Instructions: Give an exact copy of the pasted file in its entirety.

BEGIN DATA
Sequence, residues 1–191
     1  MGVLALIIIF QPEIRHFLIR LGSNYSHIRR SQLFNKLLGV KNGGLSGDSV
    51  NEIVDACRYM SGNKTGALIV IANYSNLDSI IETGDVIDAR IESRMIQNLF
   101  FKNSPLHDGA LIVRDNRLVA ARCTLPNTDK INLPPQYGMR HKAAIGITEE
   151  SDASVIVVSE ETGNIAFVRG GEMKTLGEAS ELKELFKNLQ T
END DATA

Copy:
Sequence, residues 1–191
     1  MGVLALIIIF QPEIRHFLIR LGSNYSHIRR SQLFNKLLGV KNGGLSGDSV
    51  NEIVDACRYM SGNKTGALIV IANYSNLDSI IETGDVIDAR IESRMIQNLF
   101  FKNSPLHDGA LIVRDNRLVA ARCTLPNTDK INLPPQYGMR HKAAIGITEE
   151  SDASVIVVSE ETGNIAFVRG GEMKTLGEAS ELKELFKNLQ T